English scenery doesn’t really do spectacular, but some bits of Yorkshire come close. In a country of modest geography, the theatrical surprises of Malham Cove and Gordale Scar feel as vast as anything in Norway or Chile. Relatively, anyway; and the beer’s much better. No wonder author Bill Bryson chose to live here, in the village of Kirkby Malham, for several years.
Getting to Malham by bike involved a morning train to Hellifield, on the Carlisle-Settle line. I was the only person alighting amid the station’s splendid Victorian ironwork (pic), a cross between an empty greenhouse and a deserted garden centre.
The village of Malham (pic), at the foot of Cove and Scar, was a few rolling country miles up the road. I’ve stayed at the hostel here in the past, and enjoyed hearty pub meals with fine pints of supra-Chilean quality and sub-Norwegian prices at the Lister Arms.
It was before nine when I arrived (pic), before the weekend road cyclists pitched up in need of coffee and cake, and all was very quiet.
Gordale Scar (pic), a tourist attraction ever since poet Thomas Gray raved about it in 1769, is a short ride and then walk up the lane, all waterfalls and startlingly high overhanging cliffs. Wordsworth called it ‘terrific’ in his sonnet Gordale, so he was obviously more enthusiastic about it than Gray, who called it ‘dreadful’.
Yeah, I know, they didn’t mean it that way. No such misunderstandings with proto-impressionist JMW Turner’s 1808 painting of it, at least – it’s in Tate Britain – though he apparently was low on every colour except beige when he did so.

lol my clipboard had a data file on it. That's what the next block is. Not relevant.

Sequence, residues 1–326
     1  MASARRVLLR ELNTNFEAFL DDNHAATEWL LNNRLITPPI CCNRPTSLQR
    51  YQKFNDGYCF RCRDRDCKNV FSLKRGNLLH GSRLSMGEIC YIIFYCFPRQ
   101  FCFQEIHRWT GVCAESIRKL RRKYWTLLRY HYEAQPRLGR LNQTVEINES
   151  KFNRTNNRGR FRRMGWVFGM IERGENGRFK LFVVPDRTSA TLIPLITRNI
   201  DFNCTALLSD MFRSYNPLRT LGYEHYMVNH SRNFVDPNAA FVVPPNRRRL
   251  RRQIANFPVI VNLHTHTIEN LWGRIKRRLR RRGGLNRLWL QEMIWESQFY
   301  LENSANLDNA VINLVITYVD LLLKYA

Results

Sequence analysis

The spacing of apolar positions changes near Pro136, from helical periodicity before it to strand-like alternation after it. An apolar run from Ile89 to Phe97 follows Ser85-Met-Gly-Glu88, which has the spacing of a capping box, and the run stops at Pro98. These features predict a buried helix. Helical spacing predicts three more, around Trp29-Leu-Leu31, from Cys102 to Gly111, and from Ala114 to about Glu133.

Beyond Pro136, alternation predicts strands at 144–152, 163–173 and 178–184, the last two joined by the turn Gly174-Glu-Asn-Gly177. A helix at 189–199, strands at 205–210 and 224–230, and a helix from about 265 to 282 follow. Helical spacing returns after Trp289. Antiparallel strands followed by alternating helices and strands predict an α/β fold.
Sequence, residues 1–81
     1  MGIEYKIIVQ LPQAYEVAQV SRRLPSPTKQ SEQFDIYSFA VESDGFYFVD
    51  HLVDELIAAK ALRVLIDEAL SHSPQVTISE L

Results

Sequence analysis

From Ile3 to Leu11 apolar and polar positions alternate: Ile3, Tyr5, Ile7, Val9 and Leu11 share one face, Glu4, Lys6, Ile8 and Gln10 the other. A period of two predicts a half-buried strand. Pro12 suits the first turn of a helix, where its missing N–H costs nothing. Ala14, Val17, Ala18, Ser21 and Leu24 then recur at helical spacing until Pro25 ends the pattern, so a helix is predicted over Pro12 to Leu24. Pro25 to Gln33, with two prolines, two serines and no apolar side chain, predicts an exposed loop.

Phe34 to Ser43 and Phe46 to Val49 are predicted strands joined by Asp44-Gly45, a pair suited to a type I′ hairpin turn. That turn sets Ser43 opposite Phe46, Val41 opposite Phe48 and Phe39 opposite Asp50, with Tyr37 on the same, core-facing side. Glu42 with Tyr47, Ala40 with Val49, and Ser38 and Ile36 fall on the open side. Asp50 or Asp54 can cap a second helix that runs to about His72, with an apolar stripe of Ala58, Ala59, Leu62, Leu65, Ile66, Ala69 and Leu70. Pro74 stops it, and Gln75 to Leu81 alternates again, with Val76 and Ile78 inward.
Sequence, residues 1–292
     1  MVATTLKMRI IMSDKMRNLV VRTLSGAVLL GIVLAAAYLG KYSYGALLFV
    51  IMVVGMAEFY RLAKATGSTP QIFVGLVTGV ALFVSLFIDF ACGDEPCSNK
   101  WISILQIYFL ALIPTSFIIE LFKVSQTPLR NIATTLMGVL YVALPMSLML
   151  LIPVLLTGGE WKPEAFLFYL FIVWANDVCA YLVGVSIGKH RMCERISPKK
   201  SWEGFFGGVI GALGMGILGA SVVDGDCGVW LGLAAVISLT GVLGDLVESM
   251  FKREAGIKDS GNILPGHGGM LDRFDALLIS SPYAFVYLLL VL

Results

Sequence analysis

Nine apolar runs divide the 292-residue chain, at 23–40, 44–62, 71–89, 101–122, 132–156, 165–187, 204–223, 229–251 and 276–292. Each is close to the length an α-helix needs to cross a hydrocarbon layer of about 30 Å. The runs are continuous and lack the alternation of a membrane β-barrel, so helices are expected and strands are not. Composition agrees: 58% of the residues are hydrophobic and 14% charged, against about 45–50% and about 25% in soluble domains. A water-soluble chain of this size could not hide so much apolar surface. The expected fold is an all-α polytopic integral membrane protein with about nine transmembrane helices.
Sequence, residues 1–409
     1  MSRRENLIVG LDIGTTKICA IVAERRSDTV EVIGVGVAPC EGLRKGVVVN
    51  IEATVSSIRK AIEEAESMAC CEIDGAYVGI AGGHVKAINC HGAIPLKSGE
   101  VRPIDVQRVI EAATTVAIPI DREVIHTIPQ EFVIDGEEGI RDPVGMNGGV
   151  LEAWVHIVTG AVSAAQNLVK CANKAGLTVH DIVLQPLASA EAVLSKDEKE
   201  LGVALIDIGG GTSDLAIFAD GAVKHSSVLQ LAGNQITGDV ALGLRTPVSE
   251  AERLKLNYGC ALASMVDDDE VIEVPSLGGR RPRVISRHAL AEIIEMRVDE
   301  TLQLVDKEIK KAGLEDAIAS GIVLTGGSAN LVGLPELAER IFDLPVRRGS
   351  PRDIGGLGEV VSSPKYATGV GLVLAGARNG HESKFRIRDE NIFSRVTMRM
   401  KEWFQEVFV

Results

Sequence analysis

A short distance north – and what feels a long distance vertically – is the grand glacial amphitheatre of Malham Cove (pic). The cows here must have failed their meteorology exams, because they were ambling around happily instead of sitting down and forecasting the fog, sleet and rain that hit me immediately afterwards. Not quite enough rain, though, to turn the Cove into Britain’s highest waterfall, which it was on 6 Dec 2015 after Storm Desmond..
At the top of Malham Cove is this remarkable limestone pavement (pic, from a previous trip, when it wasn’t torrential rain). I can’t hear the 1975 song Rhinestone Cowboy without substituting those words for the title. All very well to sing ‘No compromisin’ / on my horizon‘, but it was too misty to see that far today.
Carry on further north, up onto what feels like remotely high moorland, and you get to Malham Tarn (pic), a glacial lake that inspired Charles Kingsley to write The Water-Babies, and me to cycle round it. The visibility wasn’t great in the mist and drizzle, though the effect was quite thrilling: with the far shore invisible, it felt like I was by some vast Asiatic lake in a remote part of the world ending in ‘-stan’.
And then, this (pic): a rather magical narrow lane just to the north of the Tarn, perhaps the haunt of pixies and elves, but definitely the haunt of bored students glumly going through the motions of their Duke of Edinburgh at the field centre.
And then, this (pic): the lane down the east side of the Tarn, with one of my favourite road signs.
It’s all rather grand round here (pic). You might even say spectacular. But I left just as the brightly-clothed road cyclists were descending on the village for their lunch break: I had an appointment in Skipton to cadge a lift from a narrowboat piloted by my brother and well stocked with food and drink. Scenery’s all very well, but in Yorkshire we have our priorities right.